“I ain’t gonna leave you here, Ma’am . . . not with you needin’ help and all,” Jimmy said as he walked back to his truck to get the jack. “I’d help anybody who needed it; my momma taught me better’en to just leave people. The good Lord’ll make it up to me.”

“I don’t know . . .,” Linda stuttered. She had barely rolled down her window to hear Jimmy when he had left his pick-up truck and offered help. “You know what they say about your kind . . .”


Physical Description

Other guys walking through the hallway were taller and even more handsome, but there was something about Billy Belaire. His arms swung loose at his side and his dark hair was long and pulled back behind his head, held by a rubber band. The dark jacket he wore was straight out of the local thrift shop, she could tell, but the way he wore it suggested a sense of pride, or at least a lack of caring what others thought about him.



Junior tapped his fingertips against the table and looked at his watch constantly. His leg bounced up and down and he gulped the hot coffee as if it would hurry up his friend’s arrival.



Michael touched the locket around his neck and rolled it between his fingers. His mother had given him that locket, with her picture inside, when he had left to live with his father. What would she think of him now?



Tony’s words stung Laura. It wasn’t what she expected to hear. They had been dating for over a month now, how could he do this to her? How could he break her heart? All three of their dates had been fun; he had said so himself.

As Tony watched the floodgate of her eyes begin to open he looked at his watch. Jeez, I hope I can make it to the gym on time.



He began to remember when he was a freshman in high school. The seniors really thought they were something back then, always trying to play their little pranks on the ninth graders. He knew at that moment he couldn’t be one of those kinds of people. He walked over to Jeff and Larry to tell them it was time to stop.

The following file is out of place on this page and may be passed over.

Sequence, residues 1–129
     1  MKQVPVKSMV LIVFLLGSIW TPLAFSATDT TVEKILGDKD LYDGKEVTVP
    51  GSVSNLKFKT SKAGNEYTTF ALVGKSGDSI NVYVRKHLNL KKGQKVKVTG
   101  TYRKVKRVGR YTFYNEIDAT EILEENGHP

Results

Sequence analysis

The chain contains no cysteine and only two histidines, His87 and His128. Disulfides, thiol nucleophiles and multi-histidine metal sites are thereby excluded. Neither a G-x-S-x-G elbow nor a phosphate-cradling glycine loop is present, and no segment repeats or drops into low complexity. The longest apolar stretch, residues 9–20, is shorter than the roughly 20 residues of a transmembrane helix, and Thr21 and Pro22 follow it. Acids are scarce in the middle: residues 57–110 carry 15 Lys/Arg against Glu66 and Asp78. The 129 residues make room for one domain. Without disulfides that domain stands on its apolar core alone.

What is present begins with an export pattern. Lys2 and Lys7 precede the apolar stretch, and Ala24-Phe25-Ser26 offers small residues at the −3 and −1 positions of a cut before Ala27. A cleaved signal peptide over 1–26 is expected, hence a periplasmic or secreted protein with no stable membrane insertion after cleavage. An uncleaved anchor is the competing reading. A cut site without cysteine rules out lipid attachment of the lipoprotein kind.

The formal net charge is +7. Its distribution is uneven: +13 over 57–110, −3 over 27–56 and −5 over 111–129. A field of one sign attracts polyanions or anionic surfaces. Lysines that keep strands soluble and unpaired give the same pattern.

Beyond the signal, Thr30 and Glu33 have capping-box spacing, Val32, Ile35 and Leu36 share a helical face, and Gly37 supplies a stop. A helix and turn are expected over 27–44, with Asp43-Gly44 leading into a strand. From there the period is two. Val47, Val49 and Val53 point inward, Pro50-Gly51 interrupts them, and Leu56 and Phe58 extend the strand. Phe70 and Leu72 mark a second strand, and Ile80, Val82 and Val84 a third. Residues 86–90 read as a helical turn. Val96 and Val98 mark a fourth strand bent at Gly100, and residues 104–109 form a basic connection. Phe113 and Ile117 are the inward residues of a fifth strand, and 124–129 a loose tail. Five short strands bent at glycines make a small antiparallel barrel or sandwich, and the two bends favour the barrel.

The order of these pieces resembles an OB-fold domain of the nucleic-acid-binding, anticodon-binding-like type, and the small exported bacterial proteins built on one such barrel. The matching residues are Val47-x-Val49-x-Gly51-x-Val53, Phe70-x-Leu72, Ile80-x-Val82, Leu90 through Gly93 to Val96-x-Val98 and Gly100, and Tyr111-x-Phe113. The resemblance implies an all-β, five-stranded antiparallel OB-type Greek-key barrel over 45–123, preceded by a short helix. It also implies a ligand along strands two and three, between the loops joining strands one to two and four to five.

Background Information

Miles knew what it meant to be alone. When he was a child growing up his father had been in the military. They had traveled from Florida, to Georgia, to California, to Kentucky. He had rarely had a friend for very long. By the leap from California he had already decided having friends was a risk; the fewer the friends, the easier it was to leave. This philosophy had made him a real outsider at Glenview High School. In the six months he had been there he had not really made a single friend but as he stood there staring at Sheila, he realized that just might have to change.


“Dipping a Character in Paint”  Four Notebook Entries to Get a Writer Started


The best fiction centers around realistic, multi-dimensional characters (traditionally called round or dynamic characters). Most writers rely upon their own knowledge and observations of people to create real characters for their fiction. These four types of notebook entries can provide writers the raw materials to build a character.